But if you look beneath the surface of modern Buenos Aires’ frenetic pace, its wide avenues, its trendy bars and tango cafes, its cultural riches and European atmosphere, you find deep undercurrents of isolation, insecurity, hopelessness — and fear.

It’s a strange dynamic for a great city that seemingly has entered a new era of growth. Why the pervasive sense of unease?

“In a big city, the spiritual strongholds are loneliness and fear,” said missionary David Bufkin*, the International Mission Board’s team leader and strategy coordinator for Buenos Aires. “It may seem crazy to think about being lonely when you’re surrounded by 13 million people, but they are.

“People live their lives scared. They’re afraid to go out at night. They’re afraid someone is going to take something from them. People who don’t have anything are afraid they’re not going to eat the next day. Fear drives people to do irrational and immoral things. It makes the wealthy become reclusive. It makes the poor get involved in crime or drugs to find an escape.”

The crime rate is no higher than in other major world cities; it’s lower than some. Buenos Aires is not Rio de Janeiro, where violent gangs rule whole neighborhoods and engage in street shootouts with the police. It’s not even Detroit. But perception is reality in a city where people remember when they could walk down any street unmolested at 3 a.m.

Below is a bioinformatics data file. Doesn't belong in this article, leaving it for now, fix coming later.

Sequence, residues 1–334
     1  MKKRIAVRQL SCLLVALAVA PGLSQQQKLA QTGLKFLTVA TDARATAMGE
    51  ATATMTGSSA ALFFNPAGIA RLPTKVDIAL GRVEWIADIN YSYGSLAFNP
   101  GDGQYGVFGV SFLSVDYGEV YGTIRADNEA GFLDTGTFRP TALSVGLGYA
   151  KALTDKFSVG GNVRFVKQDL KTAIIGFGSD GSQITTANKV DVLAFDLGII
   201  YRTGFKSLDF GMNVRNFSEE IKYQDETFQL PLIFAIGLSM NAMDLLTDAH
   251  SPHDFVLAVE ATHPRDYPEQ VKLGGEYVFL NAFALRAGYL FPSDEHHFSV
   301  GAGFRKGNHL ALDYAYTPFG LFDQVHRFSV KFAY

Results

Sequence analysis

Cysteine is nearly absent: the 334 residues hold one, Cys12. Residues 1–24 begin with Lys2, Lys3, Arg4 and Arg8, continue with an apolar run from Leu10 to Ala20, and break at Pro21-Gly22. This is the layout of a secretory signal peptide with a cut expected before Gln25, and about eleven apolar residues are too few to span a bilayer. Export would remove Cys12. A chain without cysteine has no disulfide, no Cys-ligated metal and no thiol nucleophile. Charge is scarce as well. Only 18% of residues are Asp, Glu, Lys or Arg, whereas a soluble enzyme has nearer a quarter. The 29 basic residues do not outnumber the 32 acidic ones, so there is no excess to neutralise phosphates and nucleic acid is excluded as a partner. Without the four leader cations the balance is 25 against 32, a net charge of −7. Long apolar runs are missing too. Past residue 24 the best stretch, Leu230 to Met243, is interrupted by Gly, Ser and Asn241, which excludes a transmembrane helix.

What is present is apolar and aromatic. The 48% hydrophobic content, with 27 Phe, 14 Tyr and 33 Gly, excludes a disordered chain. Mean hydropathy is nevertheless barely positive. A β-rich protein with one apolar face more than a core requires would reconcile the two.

Those days are gone — along with the values and sense of community Porteños once shared. The metal bars now guarding doors and windows represent something deeper than simple fear of crime. The waves of political violence, economic chaos and social turmoil experienced by Argentines since the 1970s have left a legacy of suspicion, disillusionment and cynicism — similar to the malaise that has plagued the United States in recent years.

“People just don’t trust anyone anymore,” said Bufkin, who is from Moore, Okla. “They don’t trust their government. They don’t trust the police. They don’t trust the mechanic they take their car to. People have been burned by the traditional church. They’ve been burned by the ‘health, wealth and prosperity’ preachers. People who claimed to be looking out for them took advantage of them. So it generates an introverted mindset that says, ‘It’s me and my family’ and everybody else should be kept at arm’s length.

“It’s a huge barrier to the Gospel, because it makes it very difficult to approach people and share. You’ve got this priceless gift you’d like to give everybody, but fear keeps them from being open to even talking about it.”